Cosplay?! What's that?
When I tell people that my teenage daughter loves to cosplay, they often have no idea what I'm talking about.
About five years ago, my daughter created her first costume to attend a cosplay convention. What I quickly learned is that her love for "cosplay" (defined as costume play) would definitely involve her mom! Together, we have made countless trips to the fabric and craft store as I learned to sew, trace, and glue, create patterns from scratch, and apply stage make-up.
In the photo to the left, you can see my husband and I, with our daughter, in full Pokemon cosplay. Attending ACEN (Anime Central) at the Donald E. Stephens Convention Center in Rosemont, IL, two mild-mannered parents were instantly transformed into Team Magma. Our daughter had full design control, helping me create our group costume. Apparently we did it right, because the moment we entered the conference center, we were stopped for photos. Milt and I had to fake it a bit because our Pokemon knowledge is extremely limited. At least we looked the part!
For the uninitiated, cosplay conventions are major events which are drawing tens of thousands of fans in most major cities to gather at convention centers. Participants are united by their love of anime/manga (Japanese animation - in my daughter's case) or their favorite comics (print and animated versions). In San Diego, Comic-Con International is exploding, drawing as many as 130,000 guests.
Most people who attend the "cons" as they are called, make a costume and dress like one of their favorite characters. Creativity and imagination is highly valued in this community, and if you dress in costume, it is expected that you've made most of it yourself. Store bought costumes are just not the same.
The conventions themselves involve video gaming rooms, discussion panels, costume pageants and competitions, autograph and photo sessions, concerts, shopping, and dances. Some activities are 18 and up, mainly late at night, but at the cons we have attended it is a family-friendly atmosphere with many parents and "kids" of all ages in costume. In fact, if you don't wear a costume, you will feel like the odd person out. Most people who attend are fully and elaborately dressed as a character.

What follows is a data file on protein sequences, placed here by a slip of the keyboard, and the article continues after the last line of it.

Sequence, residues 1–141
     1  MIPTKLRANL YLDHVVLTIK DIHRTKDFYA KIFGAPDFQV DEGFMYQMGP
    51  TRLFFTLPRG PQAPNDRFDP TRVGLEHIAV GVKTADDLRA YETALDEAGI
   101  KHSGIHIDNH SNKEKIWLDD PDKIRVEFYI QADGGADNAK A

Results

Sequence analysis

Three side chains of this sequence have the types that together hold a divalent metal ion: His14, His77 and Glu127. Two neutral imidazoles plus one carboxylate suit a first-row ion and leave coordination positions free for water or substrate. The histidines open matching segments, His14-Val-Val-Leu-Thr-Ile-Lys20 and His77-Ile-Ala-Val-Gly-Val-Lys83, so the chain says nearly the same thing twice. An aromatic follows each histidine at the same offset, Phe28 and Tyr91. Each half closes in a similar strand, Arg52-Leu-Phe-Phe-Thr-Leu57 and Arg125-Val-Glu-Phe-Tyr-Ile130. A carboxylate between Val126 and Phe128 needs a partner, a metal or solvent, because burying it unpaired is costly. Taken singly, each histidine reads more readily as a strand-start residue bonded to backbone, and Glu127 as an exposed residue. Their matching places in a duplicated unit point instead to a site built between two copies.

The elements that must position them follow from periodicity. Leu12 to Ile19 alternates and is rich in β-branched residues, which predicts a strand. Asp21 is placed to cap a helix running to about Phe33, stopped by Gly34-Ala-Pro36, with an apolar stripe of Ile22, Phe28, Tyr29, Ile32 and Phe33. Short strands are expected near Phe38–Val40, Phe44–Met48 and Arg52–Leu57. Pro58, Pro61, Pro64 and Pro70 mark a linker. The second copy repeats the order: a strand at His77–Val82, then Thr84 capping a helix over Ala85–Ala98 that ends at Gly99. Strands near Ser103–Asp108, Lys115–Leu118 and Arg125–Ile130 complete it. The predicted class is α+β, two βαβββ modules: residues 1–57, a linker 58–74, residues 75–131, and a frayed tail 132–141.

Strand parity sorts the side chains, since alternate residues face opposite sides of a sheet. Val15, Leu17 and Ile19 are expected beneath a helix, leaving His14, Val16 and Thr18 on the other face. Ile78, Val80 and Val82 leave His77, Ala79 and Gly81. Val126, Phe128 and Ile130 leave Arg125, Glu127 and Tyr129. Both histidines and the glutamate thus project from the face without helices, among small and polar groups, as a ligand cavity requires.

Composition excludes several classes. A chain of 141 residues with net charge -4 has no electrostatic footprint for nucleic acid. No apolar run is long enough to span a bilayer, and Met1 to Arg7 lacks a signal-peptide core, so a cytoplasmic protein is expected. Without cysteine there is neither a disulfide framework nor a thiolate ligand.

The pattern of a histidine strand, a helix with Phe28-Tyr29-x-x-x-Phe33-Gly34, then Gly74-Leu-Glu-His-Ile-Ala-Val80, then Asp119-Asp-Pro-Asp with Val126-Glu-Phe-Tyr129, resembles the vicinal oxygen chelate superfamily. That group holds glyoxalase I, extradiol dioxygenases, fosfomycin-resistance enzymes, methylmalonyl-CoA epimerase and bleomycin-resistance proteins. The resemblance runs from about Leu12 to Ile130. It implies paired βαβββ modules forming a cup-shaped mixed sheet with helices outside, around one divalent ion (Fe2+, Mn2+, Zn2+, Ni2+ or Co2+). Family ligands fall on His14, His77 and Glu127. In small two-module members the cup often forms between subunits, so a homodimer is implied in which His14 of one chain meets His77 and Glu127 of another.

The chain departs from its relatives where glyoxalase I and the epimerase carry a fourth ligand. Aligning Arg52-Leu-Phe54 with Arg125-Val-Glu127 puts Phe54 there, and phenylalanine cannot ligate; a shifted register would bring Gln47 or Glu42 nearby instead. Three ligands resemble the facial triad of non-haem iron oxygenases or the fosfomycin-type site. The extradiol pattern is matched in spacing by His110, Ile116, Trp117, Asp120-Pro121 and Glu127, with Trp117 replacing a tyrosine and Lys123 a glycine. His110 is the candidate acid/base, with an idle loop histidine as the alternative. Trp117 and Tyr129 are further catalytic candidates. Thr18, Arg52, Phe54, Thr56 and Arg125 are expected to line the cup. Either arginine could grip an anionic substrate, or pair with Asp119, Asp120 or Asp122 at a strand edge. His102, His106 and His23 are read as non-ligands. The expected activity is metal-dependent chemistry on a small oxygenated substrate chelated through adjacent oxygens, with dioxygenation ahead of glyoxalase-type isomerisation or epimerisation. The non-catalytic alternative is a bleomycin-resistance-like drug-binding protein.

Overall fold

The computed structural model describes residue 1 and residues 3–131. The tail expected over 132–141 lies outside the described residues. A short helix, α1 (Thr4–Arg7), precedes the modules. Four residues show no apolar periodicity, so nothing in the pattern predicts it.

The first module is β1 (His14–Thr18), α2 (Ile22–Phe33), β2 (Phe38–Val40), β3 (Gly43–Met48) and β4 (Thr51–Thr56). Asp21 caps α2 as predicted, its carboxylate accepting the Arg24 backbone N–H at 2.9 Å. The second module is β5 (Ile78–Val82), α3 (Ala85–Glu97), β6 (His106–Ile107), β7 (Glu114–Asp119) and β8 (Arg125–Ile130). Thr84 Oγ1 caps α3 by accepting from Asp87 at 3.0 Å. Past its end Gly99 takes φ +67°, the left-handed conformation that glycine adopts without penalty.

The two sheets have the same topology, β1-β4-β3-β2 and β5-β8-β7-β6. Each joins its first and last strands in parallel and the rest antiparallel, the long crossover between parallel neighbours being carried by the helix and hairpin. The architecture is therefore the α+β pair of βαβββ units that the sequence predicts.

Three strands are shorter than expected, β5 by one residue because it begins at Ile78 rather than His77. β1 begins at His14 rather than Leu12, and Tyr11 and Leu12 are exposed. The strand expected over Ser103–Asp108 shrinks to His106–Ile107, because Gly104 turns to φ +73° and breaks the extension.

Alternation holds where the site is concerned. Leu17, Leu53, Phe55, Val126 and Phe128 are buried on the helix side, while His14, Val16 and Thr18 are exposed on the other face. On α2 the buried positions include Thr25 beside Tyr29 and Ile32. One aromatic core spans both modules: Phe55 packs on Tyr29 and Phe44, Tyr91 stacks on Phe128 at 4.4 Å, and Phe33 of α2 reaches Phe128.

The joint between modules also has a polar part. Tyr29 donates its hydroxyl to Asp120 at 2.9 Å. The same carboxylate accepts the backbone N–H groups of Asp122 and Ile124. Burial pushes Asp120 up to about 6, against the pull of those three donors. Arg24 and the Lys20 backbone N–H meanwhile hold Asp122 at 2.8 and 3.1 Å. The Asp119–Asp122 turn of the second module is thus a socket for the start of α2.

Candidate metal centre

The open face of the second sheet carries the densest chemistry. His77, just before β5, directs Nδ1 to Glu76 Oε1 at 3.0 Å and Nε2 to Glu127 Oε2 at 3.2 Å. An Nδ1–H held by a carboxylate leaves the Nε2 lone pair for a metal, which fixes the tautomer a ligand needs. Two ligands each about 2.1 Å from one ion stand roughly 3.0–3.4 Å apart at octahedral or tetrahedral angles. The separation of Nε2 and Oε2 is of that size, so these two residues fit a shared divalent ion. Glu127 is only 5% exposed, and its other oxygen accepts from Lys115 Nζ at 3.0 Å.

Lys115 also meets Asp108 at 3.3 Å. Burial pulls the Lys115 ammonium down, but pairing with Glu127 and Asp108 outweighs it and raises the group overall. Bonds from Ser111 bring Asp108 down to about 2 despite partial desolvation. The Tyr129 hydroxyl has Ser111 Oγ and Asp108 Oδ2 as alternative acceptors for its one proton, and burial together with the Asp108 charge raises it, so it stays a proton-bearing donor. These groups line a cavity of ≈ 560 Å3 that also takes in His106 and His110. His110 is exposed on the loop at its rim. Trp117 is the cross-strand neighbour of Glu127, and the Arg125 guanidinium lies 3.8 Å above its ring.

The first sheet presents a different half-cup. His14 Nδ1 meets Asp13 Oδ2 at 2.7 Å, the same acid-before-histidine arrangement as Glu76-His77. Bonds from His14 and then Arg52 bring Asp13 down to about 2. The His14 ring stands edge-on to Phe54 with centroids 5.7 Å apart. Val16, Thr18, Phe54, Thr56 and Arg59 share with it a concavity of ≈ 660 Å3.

If you have a teen who wants to cosplay, here's a few pointers from this mom's point of view:
1) Enter in and enjoy the bonding experience. You may think this new hobby is a bit odd - but reserve judgement. This is really an activity that my daughter and I have been able to enjoy together. It encourages individuality and creativity. I don't understand or appreciate all of the anime series, games, or movies, but I do enjoy the creativity of making a costume out of odd bits. We have shopped, sewn, crafted, sketched, and made some major goofs. But, I do think we have also created memories.
2) Be prepared to get it EXACTLY right. I am not a perfectionist. I like to do things quickly. However, I have learned that doing a costume part-way is just not an option for most cosplay participants. The precise details are highly valued by this community, so I've had to take a deep breath and allow do-overs. When searching for blue felt, it has to be precisely the right shade of blue.
3) Help select the costumes. Consider the difficulty, safety, and ease of wearing certain costumes. I discourage anything that is hard to see or walk in. One years she attached fake ears that covered her own ears. We did not think about the fact that she could not hear me when I called. Also, be prepared with supplies to take off make-up or glue. For one costume, I was smearing grey face paint everywhere. I learned to bring plenty of wipes and old washcloths with me along with a huge tub of Noxema for make-up removal.
4) Realize that some screening may be needed. Not all materials at conventions is appropriate for children or younger teens. Japanese manga, for example, has age ratings on the back. Some is perfectly appropriate for younger ages, others are clearly not. The same is true for video games. I don't think the convention atmosphere is any more dangerous than watching other media. But, as a parent, you will probably want to keep an eye on what your child is participating in.
5) Send your teen with snacks, a buddy, and a cell phone. When I am not with my daughter, I stay accessible to the convention site. She has a cell phone and stays with a friend. Even though I did not encounter problems and security is prevalent, it is not a good idea for younger children to attend alone. Most major convention centers are large and crowded. I also send small snacks with her as she gets too busy to stop and buy food. We talk ahead of time about times she should call and check in and where to meet when I pick her up.
Did you know?*
- 66 percent of cosplayers are women
- Average age of beginning cosplayer is 21
- Average cost of a costume $100 to $200
- Hours spent prepping: 1 to 450
* Statistics taken from this interesting article on the trend. "Cosplaying is a genre-bending trend in San Diego"
- Another article on Comic-Con International: "San Diego Comic-Con International"